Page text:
I (heart) body odor

Armpit (aka Axilla)7:55 am commuting to work during rush hour. Jump onto the A train. There’s a coveted corner seat – yay!

I nestle my foot through one strap of my backpack (for security) and put it on the floor behind my legs so that I can meditate.

I close my eyes.

I inhale.

I exhale.

As I inhale again I notice the person sitting beside me.

Pungent, distinctive, not unpleasant.

Hello!

Our noses gather important and interesting information about each other. Sometimes (rarely in our hygiene-obsessed society) we may smell someone whose aroma is truly unpleasant — often due to illness or poverty or both. And this may make us recoil (when it is an opportunity to practice compassion).

But what about normalizing the notion of human aromatherapy?

Dogs, cats, and other mammals sniff each other to say hello and to exchange news and other information.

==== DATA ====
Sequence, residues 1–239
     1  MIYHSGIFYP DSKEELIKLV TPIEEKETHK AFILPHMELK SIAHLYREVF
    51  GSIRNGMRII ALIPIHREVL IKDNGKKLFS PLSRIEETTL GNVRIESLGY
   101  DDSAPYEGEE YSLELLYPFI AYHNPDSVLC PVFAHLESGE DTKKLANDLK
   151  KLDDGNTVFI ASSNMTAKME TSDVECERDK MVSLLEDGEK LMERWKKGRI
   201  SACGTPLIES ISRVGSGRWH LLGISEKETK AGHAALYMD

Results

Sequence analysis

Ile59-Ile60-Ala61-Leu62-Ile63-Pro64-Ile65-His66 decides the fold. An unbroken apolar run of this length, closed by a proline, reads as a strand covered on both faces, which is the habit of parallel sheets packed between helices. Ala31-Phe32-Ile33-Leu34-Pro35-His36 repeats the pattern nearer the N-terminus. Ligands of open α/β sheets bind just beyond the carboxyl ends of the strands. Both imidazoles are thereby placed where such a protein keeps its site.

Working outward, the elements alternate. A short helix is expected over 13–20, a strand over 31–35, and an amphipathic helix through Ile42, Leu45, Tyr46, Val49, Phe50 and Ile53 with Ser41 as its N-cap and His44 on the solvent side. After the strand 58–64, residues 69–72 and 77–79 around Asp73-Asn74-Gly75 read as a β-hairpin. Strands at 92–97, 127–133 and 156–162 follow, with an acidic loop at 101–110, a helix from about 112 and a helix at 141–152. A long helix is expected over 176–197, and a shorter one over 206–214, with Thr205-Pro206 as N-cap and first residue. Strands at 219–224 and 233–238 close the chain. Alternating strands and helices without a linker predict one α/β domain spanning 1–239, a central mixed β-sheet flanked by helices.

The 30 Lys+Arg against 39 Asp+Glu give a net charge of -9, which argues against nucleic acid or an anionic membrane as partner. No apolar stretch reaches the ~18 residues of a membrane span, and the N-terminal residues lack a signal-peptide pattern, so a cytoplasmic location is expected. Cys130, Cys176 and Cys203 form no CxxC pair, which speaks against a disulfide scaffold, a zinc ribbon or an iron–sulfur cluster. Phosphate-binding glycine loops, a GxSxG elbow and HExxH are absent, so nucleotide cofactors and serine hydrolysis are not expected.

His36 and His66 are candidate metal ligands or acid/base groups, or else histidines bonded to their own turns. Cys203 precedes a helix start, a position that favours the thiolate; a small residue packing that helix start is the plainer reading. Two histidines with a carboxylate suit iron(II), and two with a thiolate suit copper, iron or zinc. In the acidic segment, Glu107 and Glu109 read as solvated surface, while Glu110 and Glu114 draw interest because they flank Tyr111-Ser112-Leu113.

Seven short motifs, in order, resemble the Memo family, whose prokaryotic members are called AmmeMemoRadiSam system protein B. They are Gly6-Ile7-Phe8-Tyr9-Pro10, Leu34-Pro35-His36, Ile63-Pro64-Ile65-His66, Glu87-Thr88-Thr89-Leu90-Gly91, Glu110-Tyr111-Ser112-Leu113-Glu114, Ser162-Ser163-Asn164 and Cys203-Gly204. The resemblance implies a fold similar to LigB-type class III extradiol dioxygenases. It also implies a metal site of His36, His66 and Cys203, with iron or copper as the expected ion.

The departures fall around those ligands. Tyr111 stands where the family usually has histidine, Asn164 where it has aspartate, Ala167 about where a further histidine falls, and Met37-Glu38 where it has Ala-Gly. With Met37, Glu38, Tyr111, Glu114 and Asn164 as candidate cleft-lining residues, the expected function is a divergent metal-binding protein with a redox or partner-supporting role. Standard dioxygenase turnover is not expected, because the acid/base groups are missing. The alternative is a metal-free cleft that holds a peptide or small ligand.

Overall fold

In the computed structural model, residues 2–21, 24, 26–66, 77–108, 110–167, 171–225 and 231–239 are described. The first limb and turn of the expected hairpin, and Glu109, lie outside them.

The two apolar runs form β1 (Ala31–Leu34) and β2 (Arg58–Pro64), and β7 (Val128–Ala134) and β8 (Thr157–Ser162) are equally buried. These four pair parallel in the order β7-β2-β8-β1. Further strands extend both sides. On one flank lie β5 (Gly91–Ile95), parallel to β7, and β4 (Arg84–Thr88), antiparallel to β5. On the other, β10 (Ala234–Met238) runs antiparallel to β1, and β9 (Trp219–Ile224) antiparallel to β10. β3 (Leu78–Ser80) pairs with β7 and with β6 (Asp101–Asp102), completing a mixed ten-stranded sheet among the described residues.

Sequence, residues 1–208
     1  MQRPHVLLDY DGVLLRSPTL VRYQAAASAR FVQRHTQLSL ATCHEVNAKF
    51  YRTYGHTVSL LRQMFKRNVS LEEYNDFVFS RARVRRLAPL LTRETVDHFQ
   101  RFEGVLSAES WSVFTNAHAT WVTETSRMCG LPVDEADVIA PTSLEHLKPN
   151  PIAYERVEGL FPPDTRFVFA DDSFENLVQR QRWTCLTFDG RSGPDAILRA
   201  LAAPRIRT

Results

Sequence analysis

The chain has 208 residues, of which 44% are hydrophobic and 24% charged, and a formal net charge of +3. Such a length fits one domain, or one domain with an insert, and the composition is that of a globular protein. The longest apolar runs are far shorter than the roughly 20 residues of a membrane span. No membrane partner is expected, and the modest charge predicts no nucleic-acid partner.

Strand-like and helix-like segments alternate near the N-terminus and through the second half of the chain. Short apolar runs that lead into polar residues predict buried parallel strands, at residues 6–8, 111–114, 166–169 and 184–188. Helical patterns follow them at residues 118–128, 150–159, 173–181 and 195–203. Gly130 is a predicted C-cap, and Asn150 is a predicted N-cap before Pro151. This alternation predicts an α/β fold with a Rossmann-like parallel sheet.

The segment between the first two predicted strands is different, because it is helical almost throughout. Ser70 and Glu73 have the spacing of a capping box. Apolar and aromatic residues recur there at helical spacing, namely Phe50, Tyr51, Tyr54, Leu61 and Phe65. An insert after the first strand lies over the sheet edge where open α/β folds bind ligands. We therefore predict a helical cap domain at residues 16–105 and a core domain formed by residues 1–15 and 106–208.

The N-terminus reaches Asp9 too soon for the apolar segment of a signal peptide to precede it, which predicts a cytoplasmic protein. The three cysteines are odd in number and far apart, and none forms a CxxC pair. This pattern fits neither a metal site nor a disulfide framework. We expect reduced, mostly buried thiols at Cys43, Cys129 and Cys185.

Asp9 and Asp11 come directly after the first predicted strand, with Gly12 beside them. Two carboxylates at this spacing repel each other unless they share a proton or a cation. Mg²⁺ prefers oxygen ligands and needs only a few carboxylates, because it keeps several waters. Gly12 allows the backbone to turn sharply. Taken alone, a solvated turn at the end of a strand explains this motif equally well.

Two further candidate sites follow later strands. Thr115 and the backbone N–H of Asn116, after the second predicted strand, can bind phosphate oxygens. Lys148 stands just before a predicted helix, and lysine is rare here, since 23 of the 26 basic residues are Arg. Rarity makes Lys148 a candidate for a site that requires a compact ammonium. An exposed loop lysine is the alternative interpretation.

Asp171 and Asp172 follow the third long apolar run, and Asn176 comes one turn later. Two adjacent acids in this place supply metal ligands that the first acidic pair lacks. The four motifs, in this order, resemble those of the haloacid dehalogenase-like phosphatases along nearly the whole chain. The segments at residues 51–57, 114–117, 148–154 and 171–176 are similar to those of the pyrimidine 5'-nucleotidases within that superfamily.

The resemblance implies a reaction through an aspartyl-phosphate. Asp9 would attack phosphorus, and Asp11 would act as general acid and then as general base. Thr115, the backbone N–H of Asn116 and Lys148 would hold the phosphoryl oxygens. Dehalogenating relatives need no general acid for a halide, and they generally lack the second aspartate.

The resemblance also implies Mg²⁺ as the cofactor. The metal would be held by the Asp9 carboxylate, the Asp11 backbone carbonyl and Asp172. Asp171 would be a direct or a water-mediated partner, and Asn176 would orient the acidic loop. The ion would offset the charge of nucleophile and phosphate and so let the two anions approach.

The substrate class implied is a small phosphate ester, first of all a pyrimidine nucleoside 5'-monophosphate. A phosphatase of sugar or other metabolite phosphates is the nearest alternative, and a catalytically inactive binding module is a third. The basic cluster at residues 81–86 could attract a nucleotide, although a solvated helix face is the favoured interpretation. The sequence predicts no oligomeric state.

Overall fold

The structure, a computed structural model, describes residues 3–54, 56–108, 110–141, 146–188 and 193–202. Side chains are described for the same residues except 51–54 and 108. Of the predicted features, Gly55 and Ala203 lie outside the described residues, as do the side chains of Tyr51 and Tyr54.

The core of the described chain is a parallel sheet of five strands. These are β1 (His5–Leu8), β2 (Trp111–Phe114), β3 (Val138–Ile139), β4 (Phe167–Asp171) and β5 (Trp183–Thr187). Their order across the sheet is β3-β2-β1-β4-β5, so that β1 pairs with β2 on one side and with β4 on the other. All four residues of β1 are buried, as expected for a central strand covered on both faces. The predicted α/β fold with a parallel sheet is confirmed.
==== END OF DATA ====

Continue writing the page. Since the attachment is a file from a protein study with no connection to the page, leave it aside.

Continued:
We can reclaim this ancient talent/habit too.

What is not normal: for a living, breathing, pulsing, sweating, digesting creature to have no scent. (In the best-selling novel from 1985 “Perfume” his scentlessness was the macabre mark of the murderer).

Erasure of an entire realm of sensory experience is weird, sad, and possibly dangerous.

There is a very good reason why you and I have been taught that to smell like anything human is shameful:
manufacturing an unscented human is big business.

The personal care products industry generates $250 billion every year.

Don’t sell yourself into nothingness. Savor your showers, primp with perfume, but don’t be afraid of your signature scent.

Breathe

Breathe in

Breathe out

Connect to yourself

Connect to us all.

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